To Paul, baptism meant a separation point between the “old man” of sin, and the “new man” in Christ. It marks a point at which a person is no longer a slave to sin (6:17), and is now a slave of righteousness (6:18). Paul argues that we are not to let sin reign in our mortal bodies (6:12) because a change in existence has taken place. The Christian is now a new creature!
Remembering that Paul’s audience has never met him, it is important to realize that Paul used baptism as a teaching tool that all Christians should be able to understand. He did not need to explain what he meant by the word “baptism.” Instead, he expected the readers to have had a common experience of baptism.5 Some modern evangelicals put forth the idea that Paul is talking about “baptism of the Holy Spirit” instead of water baptism. However, as Douglas J. Moo points out, it is unlikely that Paul here refers to anything other than baptism in water. Paul usually uses the verb baptizo to refer to Christian baptism in water, and the noun baptisma used in verse 4 almost always has this meaning.6 Danker cites baptisma in Romans 6:4 as meaning the Christians rite of immersion in water.7 Therefore, the understanding gathered from Romans is that Paul sees Christian baptism in water as the point at which the old man of sin is buried, and a new creation rises to walk, no longer being a slave to sin.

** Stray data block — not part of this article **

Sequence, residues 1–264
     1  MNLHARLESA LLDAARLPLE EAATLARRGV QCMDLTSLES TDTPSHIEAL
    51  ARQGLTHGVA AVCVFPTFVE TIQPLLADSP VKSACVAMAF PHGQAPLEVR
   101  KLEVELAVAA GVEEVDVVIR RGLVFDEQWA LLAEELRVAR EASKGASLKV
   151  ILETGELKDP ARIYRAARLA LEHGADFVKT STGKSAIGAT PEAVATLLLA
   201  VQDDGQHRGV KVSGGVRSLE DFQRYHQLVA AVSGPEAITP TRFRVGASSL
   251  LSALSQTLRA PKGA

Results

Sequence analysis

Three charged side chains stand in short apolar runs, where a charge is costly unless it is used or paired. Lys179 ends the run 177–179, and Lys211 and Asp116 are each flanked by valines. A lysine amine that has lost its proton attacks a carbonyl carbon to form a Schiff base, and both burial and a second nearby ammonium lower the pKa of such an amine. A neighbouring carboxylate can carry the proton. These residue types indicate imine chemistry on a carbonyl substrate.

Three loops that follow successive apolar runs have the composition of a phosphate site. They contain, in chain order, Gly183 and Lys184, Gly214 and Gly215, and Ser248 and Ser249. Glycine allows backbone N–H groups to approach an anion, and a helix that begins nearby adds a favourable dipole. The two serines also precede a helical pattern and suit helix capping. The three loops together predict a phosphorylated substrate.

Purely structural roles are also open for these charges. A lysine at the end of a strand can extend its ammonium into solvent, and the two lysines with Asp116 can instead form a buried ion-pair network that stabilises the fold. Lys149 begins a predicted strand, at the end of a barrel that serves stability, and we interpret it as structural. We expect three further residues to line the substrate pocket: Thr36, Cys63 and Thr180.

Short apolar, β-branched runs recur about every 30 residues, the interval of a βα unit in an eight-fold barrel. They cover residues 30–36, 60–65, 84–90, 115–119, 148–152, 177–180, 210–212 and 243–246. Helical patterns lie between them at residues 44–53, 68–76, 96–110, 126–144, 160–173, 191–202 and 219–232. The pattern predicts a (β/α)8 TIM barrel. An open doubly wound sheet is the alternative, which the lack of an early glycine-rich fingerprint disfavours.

There are more individual references to the concept of baptism in 1 Corinthians than any other Pauline letter. A clear statement is made by Paul at the beginning of the letter that the addressees include “the church of God which is at Corinth,” and to “all who in every place call on the name of Jesus Christ our Lord” (1:2).
After an introductory prayer report, Paul brings up what must have been a major issue with the church in Corinth: sectarianism and division (1:10). It is in the context of encouraging the Corinthians to be “perfectly joined together in the same mind and in the same judgment” that Paul again uses baptism as a teaching tool. Paul has heard that these Christians at Corinth are calling themselves followers of certain teachers, such as himself, Apollos, Cephas, and Christ (1:12). Paul answers this idea by asking rhetorically, “Is Christ divided? Was Paul crucified for you? Or were you baptized in the name of Paul?” The implied answer to all these questions is “no.” In the next two verses, Paul expresses thanks that he had baptized few there, for fear that they might be saying they had been baptized in Paul’s name, not Christ’s (1:14-15). Paul clearly has in view here a baptism that man could perform (water baptism), and a baptism that identified a person with the teachings of Christ. The implication is that it would be wrong and divisive to be baptized in any name other than the name of Christ.
First Corinthians 6:11 is a possible reference to baptism that must be mentioned. After mentioning some specific sins in 6:9-10, Paul says that some of the Corinthians were guilty of these things, but they had been “washed” (6:11). Looking at this passage from the viewpoint of the early Christian reader, it is likely that this is a reference to baptism. If it is, it shows baptism’s connection with cleansing one of sin.